But te passage you quote is very basic for traditional harmony that is it can be referred to almost anything starting from baroque in European music Thank you. So, we have established that "points to" means the same as "resolves to", or "wants to resolve to". He probably figured that would be obvious for anyone but a noob like me As I describe it -- imagine you have a rubber band that is tied to a table and to a pencil on the other side, the more you stretch it the further the pencil is from a table, but at the same time the more is the tension backwards to the table.
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When I bought it back in the 90 , it really was - as its title claims - "The Jazz Theory Book"; there were no others. Disregarding a few by Jerry Coker, Jamey Aebersold, etc, which were more practical books than overarching conceptual works. I was hugely impressed with it: the research backing it up the discography and listening lists he gives is staggering; and every concept is illustrated with a quotes from jazz recordings by famous players, which is the most convincing aspect of the book.
The impression given is that the whole thing is based as good theory should be on what jazz musicians actually DO. So I was ready to be impressed, and to have my woolly, haphazard understanding of jazz clarified. But my feelings steadily changed over the years. Although it was intellectually stimulating, it had no real effect on how I played jazz. That was like a real light going on. Byrne was talking about improvising jazz in a way that seemed obvious - in a way Levine never did.
Byrne was all about linear improvisation: melodic phrasing and development, and voice-leading in harmony. I took that for granted, and regarded Levine as talking about something beyond or above that. But in fact he was talking about another kind of jazz entirely: modal jazz. I was seduced by his obvious authority. When I played modal jazz, yes to some extent it did. And it also made sense of the fact not noticed until that point that the music he drew his illustrations from was mostly modern jazz, post s.
IOW, post-modal jazz. That he was just about ignoring all jazz up to that point. Very little on pre-modal jazz, except through the lens of his chord-scale-theory viewpoint. Very late, I came to realise what should have been obvious all along: that chord-scale theory was NOT how the great jazz improvisers before had ever played. No mystery at all.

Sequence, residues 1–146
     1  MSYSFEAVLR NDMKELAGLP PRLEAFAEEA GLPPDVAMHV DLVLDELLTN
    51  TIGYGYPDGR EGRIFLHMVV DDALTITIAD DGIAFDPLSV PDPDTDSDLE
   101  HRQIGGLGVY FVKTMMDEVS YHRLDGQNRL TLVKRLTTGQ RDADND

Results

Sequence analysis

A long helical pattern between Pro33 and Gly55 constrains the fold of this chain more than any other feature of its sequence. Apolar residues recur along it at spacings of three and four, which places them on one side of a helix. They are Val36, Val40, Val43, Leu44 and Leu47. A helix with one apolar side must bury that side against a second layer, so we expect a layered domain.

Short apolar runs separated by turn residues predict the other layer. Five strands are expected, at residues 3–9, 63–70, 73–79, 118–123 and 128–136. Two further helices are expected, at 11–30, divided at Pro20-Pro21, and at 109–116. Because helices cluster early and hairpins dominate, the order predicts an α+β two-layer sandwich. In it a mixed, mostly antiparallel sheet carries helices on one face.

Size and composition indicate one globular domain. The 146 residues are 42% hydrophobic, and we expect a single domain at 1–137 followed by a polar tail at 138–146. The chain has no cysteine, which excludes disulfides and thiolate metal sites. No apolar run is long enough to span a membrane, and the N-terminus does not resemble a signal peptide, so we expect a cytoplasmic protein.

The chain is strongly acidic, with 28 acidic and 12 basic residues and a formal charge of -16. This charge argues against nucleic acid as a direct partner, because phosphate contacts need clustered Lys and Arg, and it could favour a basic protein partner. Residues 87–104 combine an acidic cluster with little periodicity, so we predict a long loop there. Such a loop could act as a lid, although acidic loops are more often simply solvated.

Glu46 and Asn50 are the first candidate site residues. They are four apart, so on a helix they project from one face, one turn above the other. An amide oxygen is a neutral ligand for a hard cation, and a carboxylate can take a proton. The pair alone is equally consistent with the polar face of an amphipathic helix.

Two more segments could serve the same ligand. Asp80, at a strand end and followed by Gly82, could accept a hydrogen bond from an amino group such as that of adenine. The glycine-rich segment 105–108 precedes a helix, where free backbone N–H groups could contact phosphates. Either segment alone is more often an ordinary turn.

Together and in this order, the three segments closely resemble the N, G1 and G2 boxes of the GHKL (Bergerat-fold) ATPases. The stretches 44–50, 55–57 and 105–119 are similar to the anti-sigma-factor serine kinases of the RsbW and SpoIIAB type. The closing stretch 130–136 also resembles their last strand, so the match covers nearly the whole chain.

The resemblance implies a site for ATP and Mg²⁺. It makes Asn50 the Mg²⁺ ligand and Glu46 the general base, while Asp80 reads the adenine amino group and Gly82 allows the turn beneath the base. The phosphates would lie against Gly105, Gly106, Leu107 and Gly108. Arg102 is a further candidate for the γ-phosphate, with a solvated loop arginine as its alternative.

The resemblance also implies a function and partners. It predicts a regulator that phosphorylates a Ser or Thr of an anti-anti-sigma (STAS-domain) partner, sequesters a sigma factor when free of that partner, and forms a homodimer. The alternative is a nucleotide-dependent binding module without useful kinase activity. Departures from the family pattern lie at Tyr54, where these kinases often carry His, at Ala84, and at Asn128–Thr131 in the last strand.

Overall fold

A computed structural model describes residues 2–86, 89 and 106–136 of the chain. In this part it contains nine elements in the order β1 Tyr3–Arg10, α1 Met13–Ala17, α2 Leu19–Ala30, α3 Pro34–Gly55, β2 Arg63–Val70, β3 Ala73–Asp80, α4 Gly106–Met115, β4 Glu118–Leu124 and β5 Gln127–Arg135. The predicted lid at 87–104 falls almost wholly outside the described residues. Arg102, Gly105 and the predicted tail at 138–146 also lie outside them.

Levine had introduced a different way of thinking, to be sure. CST is seductive, from one narrow perspective. It seems to open everything up. It opened up too much.
It was like not seeing the wood melody and progression for the trees individual chords. And I found that even in modal jazz my old instincts served me better. Of course, I realise this is largely a personal thing: I happen to enjoy melody and rhythm more than harmonic complexity and colour. I like to connect chords, rather than take each one in isolation - even in a modal piece where the chords can be isolated. But its bias has to be acknowledged. In comparison, Rawlins "Jazzology" is a much duller read, much less appealing.
More like a school text book. But its big disadvantage is it contains no real quotes from jazz recordings; all the musical examples are written by the authors, which makes it seem to lack authority. Why should we believe these guys? Last edited by JonR; at PM.
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BERT LIGON JAZZ PDF
You explained things with level of clarity and precision that I had never encountered, and you caused me to re-think concepts that I thought I knew. I am forever in your debt, as are countless [former] students. Connecting Chords with Linear Harmony is a great study of how to create coherent solos and well-structured melodies by playing the changes and connecting the tones. I truly wish this was the first book on jazz I had read. The presentation is so logical and clear that I read in a half an hour what took a year to learn through other sources. I give this book my highest recommendation to anyone interested in learning jazz. Bert Ligon has truly written a very useful and insightful work.
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